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Furious Since Birth: Grime, A Novel By Sibylle Berg
Arusa Qureshi , March 25th, 2023 08:39

The music genre provides a backdrop and a backbeat to a novel by Sibylle Berg about England’s uniquely awful treatment of its own population

German-Swiss author Sibylle Berg’s novel GRM Brainfuck was first published in 2019, going on to win the Swiss Book Prize that same year. With the bestseller now translated into English, the ruthless dystopian world of Berg’s four disillusioned teenagers invites in a whole new audience, and crucially, one that is situated at the very core of the novel’s narrative.

GRIME is set in Rochdale and then London, following a group that are referred to as ‘the children’, who through no fault of their own find themselves bound to each other by circumstance and social deprivation. It is their story but it is about their wider environment too – the ugliness and misery that comes with marginalisation, poverty and the overt capitalism of modern Britain.

Though based in Zurich now, Berg spent a considerable amount of time in England, researching for the book and asking questions that could only be answered by those in the immediate vicinity. In an interview with the Guardian in 2019, they explained their decision to use England as the focal point: “For me England is the model country in the western world when it comes to the triumph of neoliberalism and digital surveillance. You can find poverty in every one of the collapsing countries of the western world, but the unsentimental removal from sight of an entire part of the population because it is no longer of use in the value appreciation chain – that is unique to England.”

GRIME is both dizzying and claustrophobic in its form and narrative, each chapter chipping away at the potential for a sense of normalcy for these four children. There’s Karen, an Albino girl from a Black family who is groomed by a gang, modelled on the real life Rochdale child sex abuse ring. Peter is a Polish immigrant who is autistic and raped by a man in a hostel. Hannah’s parents are both dead, one as a result of medical malpractice and another due to suicide spurred on by an app. And finally Don, who we meet first, is described as having been “furious since birth”, finding comfort in grime; “the music that sounded the way she wished to feel”.

While the genre isn’t a fundamental part of the storyline per se, it acts as a kind of anchor, for both the four characters and for the structure of the novel itself. In the music of grime, the children find a shared outlet for their anger and for their confused identities. But in Berg’s writing style, we can also see the rhythms and verbal fragmentation of grime echoed, for example in the way the punctuation is inconsistent or the way the line-breaks are presented when characters or situations are introduced. There’s undeniably a musicality that permeates throughout but against the backdrop of inequality and abuse and the novel’s wider critique of post-Brexit Britain, it feels sinister as opposed to harmonious.

Half way through the novel, the children escape to London to start fresh, with plans to seek revenge on those that have wronged them, from Peter’s mother who abandoned him to Thome Percy, the designer of the app that led to Hannah’s father’s suicide. This could easily be the point at which GRIME turns into a teenage-revenge fantasy but it doesn’t; instead, the planned killings become a relatively minor plot point and the emphasis returns to London, where we see the true extent of Britain’s move to technological surveillance, gross xenophobia and rampant privatisation. In addition to the novel’s use of grime in the overall style, Berg begins each chapter with short, social-media-type character profiles like ‘Fetish’, ‘Health Risks’ and ‘Family Status’, which underlines the cynical data-driven surveillance society in which the characters live and their overall lack of control.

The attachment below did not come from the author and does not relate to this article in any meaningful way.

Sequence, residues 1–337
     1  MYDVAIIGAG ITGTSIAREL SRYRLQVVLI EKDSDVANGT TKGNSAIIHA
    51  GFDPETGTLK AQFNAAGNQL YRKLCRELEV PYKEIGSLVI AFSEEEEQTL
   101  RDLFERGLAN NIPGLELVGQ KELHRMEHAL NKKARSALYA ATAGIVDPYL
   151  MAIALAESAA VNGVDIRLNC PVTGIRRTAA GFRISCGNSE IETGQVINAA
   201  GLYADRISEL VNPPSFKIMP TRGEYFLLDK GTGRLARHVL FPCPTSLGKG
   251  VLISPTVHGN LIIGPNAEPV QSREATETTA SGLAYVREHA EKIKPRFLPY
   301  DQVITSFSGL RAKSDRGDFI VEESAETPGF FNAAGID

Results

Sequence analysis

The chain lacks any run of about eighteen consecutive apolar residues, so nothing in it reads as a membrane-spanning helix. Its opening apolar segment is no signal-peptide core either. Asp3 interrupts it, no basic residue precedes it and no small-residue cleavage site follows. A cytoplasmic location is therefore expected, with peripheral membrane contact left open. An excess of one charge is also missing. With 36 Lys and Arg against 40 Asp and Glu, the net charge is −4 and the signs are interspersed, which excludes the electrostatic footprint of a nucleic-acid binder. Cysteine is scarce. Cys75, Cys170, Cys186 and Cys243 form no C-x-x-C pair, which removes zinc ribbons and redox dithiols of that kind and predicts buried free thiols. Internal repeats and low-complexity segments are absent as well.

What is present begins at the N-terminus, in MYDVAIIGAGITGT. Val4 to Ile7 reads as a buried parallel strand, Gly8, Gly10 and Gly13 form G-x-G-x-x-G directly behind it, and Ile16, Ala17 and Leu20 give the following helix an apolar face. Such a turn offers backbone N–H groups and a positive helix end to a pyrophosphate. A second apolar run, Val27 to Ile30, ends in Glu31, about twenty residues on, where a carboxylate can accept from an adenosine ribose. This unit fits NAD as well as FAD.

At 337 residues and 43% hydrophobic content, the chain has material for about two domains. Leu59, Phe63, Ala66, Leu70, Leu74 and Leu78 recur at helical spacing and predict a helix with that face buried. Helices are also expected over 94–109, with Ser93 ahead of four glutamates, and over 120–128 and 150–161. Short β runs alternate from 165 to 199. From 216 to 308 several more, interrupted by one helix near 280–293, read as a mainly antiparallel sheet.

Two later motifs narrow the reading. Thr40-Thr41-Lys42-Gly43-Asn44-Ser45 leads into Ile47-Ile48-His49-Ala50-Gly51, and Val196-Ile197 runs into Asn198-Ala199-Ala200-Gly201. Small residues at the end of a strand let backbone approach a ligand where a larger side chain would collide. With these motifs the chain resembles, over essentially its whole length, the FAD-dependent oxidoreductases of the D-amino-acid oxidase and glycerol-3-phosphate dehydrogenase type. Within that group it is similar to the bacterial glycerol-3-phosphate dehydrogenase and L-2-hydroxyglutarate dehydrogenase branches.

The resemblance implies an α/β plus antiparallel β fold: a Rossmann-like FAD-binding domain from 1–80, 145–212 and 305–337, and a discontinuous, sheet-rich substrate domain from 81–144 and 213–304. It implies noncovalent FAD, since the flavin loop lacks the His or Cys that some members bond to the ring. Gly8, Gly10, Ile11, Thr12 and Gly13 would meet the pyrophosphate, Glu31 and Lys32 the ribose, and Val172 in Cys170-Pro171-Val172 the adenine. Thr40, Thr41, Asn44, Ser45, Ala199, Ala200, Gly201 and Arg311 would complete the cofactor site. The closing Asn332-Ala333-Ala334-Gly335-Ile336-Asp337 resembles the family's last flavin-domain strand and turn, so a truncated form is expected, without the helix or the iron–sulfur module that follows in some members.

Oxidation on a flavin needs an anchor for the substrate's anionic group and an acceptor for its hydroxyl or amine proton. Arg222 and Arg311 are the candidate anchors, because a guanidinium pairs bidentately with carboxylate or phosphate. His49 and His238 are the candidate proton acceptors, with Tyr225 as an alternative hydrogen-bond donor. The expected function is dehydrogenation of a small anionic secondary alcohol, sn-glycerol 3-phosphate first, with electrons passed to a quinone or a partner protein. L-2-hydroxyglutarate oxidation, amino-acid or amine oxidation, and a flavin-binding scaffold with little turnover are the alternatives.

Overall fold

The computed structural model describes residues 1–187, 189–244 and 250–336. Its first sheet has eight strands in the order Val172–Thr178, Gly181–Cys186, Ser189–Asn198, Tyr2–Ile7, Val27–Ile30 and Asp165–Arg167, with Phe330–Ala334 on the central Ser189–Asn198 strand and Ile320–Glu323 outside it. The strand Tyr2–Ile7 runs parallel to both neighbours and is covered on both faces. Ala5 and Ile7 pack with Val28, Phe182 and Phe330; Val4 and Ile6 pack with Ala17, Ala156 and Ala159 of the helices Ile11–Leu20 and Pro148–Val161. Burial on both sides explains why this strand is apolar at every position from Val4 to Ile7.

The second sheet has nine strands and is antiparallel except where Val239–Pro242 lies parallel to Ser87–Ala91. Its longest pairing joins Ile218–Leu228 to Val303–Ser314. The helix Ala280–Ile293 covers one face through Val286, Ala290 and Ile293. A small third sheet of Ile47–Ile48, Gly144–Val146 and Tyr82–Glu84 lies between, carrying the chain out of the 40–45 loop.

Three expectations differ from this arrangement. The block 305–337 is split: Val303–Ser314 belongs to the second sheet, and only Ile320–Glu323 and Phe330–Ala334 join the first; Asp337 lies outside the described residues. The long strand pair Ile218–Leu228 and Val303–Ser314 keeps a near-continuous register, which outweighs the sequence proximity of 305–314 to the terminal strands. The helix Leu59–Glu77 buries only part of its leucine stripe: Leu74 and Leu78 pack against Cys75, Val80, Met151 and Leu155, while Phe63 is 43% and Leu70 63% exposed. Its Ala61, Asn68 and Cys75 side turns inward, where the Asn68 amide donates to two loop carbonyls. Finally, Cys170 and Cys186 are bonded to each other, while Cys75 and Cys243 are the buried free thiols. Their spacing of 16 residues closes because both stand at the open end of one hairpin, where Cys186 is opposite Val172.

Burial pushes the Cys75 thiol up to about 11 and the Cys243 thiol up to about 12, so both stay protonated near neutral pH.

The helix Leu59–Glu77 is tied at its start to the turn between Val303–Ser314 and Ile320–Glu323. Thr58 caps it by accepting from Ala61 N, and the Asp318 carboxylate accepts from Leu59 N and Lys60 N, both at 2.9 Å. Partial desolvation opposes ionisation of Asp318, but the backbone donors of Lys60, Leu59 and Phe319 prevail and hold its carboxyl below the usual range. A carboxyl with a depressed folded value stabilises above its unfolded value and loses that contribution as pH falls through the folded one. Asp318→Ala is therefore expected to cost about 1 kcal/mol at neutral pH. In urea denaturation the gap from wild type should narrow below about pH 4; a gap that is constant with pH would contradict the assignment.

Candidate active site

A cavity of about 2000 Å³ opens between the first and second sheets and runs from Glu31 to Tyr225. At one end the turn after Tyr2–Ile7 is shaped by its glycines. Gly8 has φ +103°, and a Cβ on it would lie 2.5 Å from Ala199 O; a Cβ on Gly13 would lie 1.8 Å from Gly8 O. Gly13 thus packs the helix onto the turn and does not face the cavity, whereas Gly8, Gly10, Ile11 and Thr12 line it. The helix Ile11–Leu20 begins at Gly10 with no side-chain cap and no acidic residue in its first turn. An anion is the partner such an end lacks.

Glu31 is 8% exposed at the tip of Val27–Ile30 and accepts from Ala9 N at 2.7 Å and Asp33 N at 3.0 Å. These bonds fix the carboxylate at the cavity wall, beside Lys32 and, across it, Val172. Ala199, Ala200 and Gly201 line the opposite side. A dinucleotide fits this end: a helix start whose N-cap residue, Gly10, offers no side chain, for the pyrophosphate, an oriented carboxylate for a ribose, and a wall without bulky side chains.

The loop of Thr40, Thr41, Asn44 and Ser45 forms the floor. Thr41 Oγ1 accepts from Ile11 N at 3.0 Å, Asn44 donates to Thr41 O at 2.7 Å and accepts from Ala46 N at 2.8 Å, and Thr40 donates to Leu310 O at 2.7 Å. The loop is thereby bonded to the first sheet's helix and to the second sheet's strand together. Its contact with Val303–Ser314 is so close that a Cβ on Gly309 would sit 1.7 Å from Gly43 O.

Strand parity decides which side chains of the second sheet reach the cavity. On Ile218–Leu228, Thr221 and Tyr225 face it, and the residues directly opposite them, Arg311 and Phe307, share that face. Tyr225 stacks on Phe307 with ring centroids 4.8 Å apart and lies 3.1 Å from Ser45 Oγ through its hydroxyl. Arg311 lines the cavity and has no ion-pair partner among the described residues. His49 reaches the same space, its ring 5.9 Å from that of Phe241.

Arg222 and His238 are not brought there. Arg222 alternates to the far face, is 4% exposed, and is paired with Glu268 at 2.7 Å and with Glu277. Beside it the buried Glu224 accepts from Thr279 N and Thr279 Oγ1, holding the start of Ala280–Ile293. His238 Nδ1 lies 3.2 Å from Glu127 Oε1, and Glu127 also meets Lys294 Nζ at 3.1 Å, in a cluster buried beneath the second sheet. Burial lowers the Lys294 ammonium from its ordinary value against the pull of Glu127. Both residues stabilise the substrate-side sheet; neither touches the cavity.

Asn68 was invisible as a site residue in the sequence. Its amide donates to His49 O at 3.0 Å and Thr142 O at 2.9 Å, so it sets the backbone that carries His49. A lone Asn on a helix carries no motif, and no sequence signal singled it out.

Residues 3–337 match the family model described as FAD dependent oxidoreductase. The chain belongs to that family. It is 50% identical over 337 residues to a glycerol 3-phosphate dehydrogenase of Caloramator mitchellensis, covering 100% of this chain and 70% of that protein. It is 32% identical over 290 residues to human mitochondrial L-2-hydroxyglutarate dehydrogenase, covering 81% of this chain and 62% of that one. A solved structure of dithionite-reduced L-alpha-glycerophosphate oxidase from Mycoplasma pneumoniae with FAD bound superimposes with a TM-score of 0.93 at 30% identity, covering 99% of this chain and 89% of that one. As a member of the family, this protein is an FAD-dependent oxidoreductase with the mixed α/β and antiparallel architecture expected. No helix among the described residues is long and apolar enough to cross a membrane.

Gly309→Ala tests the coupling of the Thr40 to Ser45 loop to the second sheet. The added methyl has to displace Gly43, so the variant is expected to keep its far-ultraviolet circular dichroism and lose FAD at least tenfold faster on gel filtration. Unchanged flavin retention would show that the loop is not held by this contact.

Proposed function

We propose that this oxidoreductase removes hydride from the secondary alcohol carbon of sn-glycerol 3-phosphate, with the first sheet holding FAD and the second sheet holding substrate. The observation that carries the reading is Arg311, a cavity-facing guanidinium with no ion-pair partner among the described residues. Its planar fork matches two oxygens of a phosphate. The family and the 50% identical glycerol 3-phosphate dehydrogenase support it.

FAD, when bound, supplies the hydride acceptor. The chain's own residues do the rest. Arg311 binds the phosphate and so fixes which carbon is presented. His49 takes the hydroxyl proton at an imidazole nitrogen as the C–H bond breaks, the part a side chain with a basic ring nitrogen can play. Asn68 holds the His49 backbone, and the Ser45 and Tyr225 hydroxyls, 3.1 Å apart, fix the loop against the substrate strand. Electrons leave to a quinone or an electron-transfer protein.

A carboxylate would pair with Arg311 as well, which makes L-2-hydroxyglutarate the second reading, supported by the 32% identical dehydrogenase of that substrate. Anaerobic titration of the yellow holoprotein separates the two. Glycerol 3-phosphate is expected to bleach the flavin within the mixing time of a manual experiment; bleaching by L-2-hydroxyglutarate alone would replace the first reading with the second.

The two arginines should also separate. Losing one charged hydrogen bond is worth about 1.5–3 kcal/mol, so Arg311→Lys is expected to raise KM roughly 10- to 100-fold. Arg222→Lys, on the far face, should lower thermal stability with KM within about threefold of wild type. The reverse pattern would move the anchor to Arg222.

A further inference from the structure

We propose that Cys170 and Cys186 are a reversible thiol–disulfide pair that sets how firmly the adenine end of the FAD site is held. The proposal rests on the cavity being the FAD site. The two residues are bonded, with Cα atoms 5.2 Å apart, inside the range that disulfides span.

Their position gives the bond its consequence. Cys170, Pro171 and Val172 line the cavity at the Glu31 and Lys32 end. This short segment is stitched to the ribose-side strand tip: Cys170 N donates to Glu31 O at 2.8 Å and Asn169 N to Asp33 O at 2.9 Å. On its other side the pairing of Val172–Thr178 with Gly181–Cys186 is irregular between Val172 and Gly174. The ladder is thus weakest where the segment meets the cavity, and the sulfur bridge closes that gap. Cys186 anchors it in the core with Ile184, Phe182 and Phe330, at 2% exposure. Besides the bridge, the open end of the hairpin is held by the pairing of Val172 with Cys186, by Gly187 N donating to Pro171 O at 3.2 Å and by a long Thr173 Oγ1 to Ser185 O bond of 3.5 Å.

Elsewhere in the book, there are numerous characters that pop in and out, including an artificial intelligence system, EX 2279, that uses the programming language Brainfuck (which is real and was created in 1993 by Urban Müller), and becomes increasingly prevalent as the story goes on. Digital culture and IT is used as a tool for the right-wing but it’s also responsible for destabilising society in this future Britain, and the four central characters get around this by literally burying their phones so they can’t be manipulated. But they are, of course, still affected by the apocalyptic nature of this oppressive society.

Published in German, Tim Mohr’s expert translation doesn’t diminish any of the original’s sardonic qualities; rather it heightens Berg’s sharp observations on the demise of the welfare state and the horrors of authoritarianism. GRIME may be specific in its setting and use of a British subculture, and specific in its evaluation of the failures of Brexit, but the concerns are universal and relevant to the contemporary world and to industrial societies everywhere. In Don, Karen, Hannah and Peter’s stories, we bear witness to the horrors of child abuse and neglect, caused by their immediate surroundings, but in their rebellion and attempts to resist this new world, we also see the true extent of corruption when artificial intelligence merges with political influence. Berg’s novel acts as a warning – against surveillance, government monitoring and increased digitisation, but it also highlights how easily trust in democracy is used and then broken.

Grime by Sibylle Berg is published by St. Martin's Griffin